Tora! Tora! Tora!
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Tora! Tora! Tora!...is the code that advised Japanese Imperial Navy commanders that the devastating December 7, 1941 attack on Hawaii commenced with utter surprise and without resistance. Torpedo bombers, dive bombers and fighter planes swept down upon Pearl Harbor and other military targets, killing over 2,400 and wounding over 1,200. More than a dozen ships were damaged or destroyed. Dozens of aircraft were lost. America, “the sleeping giant,” was abruptly awakened by WWII.
Tora! Tora! Tora! is Twentieth Century Fox’s meticulously researched and painstakingly authentic reenactment of “the date which will live in infamy” and the political and military intrigue that preceded it. This stunning and definitive war docudrama stars Jason Robards, Martin Balsam and E.G. Marshall.
Commentary by Director Richard Fleischer & Japanese Film Historian Stuart Galbraith IV
Day of Infamy Documentary
History vs. Hollywood – TORA! TORA! TORA!: A Giant Awakes
AMC Backstory®: TORA! TORA! TORA!
FOX Movietone News
Original Theatrical Trailer
Collectible Hardcover Book
Top Customer Reviews
This movie was directed by several directors including Toshio Masuda and Kinji Fukasuka, but the American version (yes, there is a Japanese version) gives the credit to veteran director Richard Fleischer. Based on Gordon W. Prange's "Tora! Tora! Tora!" and Ladislas Farago's "The Broken Seal", the film accurately depicts the events on both sides of the Pacific leading up to the stunning attack on the U.S. Pacific Fleet on Sunday, December 7, 1941.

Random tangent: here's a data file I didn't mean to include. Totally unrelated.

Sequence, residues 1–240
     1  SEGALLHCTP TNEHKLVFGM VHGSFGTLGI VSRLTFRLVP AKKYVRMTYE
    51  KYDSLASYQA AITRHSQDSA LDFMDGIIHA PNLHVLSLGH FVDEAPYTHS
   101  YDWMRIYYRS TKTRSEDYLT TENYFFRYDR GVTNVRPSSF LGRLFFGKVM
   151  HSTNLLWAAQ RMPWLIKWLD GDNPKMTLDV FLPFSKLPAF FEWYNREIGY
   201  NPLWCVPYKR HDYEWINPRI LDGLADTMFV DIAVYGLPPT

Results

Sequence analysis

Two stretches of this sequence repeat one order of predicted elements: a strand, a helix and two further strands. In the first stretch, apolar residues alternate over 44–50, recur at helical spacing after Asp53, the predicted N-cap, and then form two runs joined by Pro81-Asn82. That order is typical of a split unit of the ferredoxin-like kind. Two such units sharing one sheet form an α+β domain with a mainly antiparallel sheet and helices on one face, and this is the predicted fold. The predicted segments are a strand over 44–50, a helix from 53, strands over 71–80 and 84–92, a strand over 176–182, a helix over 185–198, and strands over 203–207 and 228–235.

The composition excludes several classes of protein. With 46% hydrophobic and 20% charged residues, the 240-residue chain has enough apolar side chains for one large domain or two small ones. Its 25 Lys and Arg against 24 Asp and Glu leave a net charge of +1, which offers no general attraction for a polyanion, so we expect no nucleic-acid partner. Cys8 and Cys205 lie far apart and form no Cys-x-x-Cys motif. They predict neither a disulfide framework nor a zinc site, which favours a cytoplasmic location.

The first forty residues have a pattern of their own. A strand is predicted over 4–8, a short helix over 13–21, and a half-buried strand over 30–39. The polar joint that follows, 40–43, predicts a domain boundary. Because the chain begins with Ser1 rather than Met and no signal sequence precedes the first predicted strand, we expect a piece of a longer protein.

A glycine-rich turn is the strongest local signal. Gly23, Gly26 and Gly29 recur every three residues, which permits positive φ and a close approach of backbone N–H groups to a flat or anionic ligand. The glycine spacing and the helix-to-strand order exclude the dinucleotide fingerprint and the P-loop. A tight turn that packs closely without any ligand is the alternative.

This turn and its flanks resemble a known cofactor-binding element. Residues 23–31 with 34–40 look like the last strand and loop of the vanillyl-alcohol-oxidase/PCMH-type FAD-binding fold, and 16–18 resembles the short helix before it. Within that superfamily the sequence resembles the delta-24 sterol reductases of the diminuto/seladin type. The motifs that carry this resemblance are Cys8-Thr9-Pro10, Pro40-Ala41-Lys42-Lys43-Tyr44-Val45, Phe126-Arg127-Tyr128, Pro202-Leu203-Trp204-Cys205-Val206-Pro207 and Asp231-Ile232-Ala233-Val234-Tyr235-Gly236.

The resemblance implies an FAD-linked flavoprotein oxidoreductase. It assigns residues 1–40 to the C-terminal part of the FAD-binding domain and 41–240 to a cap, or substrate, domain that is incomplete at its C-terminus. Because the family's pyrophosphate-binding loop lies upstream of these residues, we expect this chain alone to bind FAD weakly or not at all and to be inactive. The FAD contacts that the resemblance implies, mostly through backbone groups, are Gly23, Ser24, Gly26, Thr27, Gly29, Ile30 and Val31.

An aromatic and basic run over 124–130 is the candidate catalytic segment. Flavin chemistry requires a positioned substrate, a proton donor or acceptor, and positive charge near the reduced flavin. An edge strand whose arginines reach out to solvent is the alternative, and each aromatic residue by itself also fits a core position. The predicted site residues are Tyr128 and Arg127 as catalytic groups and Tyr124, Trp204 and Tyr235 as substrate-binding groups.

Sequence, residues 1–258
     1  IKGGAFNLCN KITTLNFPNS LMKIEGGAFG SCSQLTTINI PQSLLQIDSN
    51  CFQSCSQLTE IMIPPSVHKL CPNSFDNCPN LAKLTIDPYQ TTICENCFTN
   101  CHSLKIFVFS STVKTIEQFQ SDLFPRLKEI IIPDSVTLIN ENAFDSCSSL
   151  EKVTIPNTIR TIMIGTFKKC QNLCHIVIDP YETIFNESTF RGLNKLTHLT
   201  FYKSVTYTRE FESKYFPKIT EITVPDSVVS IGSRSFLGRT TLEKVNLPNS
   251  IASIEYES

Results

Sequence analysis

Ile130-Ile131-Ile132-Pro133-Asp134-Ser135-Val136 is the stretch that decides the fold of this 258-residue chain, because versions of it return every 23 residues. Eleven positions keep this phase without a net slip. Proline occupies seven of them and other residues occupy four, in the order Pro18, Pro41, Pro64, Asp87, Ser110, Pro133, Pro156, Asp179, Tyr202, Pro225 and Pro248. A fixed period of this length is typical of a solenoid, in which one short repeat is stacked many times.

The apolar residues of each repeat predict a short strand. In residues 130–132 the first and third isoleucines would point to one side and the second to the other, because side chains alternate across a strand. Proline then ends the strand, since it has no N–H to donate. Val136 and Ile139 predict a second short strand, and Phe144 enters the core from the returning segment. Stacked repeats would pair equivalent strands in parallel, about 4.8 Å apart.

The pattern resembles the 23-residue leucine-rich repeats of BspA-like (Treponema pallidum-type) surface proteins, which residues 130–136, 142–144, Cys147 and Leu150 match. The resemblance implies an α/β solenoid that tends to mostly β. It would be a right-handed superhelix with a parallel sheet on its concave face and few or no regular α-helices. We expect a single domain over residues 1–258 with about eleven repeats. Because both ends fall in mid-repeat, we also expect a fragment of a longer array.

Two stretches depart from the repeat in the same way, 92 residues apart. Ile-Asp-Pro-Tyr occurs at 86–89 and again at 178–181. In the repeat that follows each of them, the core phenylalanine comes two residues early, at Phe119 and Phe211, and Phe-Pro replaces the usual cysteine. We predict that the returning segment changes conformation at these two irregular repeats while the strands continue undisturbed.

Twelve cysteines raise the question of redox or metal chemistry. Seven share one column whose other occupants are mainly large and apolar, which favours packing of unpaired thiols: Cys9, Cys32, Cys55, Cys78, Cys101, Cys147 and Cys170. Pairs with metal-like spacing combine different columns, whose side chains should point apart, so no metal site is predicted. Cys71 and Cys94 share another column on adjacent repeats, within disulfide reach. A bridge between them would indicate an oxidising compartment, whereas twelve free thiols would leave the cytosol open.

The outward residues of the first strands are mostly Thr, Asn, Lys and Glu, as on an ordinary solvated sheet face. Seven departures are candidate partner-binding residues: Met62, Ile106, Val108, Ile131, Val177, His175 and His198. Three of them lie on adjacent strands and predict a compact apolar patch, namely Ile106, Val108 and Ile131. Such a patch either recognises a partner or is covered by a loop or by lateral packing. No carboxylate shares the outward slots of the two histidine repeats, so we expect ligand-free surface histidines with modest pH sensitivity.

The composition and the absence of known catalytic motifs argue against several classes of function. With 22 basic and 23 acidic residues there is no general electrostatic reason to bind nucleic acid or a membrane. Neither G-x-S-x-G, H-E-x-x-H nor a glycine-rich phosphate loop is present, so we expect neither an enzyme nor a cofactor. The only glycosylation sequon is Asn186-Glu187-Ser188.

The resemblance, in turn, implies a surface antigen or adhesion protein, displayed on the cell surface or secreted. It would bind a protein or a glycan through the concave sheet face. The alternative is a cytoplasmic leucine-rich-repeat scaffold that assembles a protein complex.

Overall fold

Even though it covers an 18-month period between Admiral Yamamoto's (Soh Yamamura) initial planning for Operation Hawaii and the attack itself, Tora! Tora! Tora! (the title refers to the code used to inform the Japanese that the Americans had been caught by surprise) never drags or seems dull. I learned, for instance, that Japanese Ambassador Nomura was a skilled and honorable diplomat who did not know what his country's military leaders were planning, and that he hoped to avoid war. I was also stunned by how General Walter C. Short (Jason Robards) was so preoccupied by the threat of sabotage from Hawaii's 125,000 Japanese inhabitants that he foolishly parked all the bombers and fighters in Hickam and Wheeler Fields in neat rows, supposedly to make them easier to guard but actually making them sitting ducks.
What amazed me about watching this movie is how clueless Pearl Harbor's defenders were on that Sunday morning. Though many people think the first shot of the Pacific War was fired by the Japanese, it was actually fired by the USS Ward on a Japanese midget submarine trying to sneak into the harbor. This happened roughly an hour before the first bomb fell on Battleship Row. I would have thought that the report of an unknown submarine being fired upon in a restricted area would have alerted the whole fleet. Wrong! American officers in Oahu were so certain that the Japanese would be spotted long before they could launch a strike that Captain James Earle (Richard Anderson) asks for confirmation before he tells his superiors. This does not make Adm. Husband E. Kimmel (Martin Balsam) very happy and I thought he was very angry that the Ward's initial report did not reach him in time.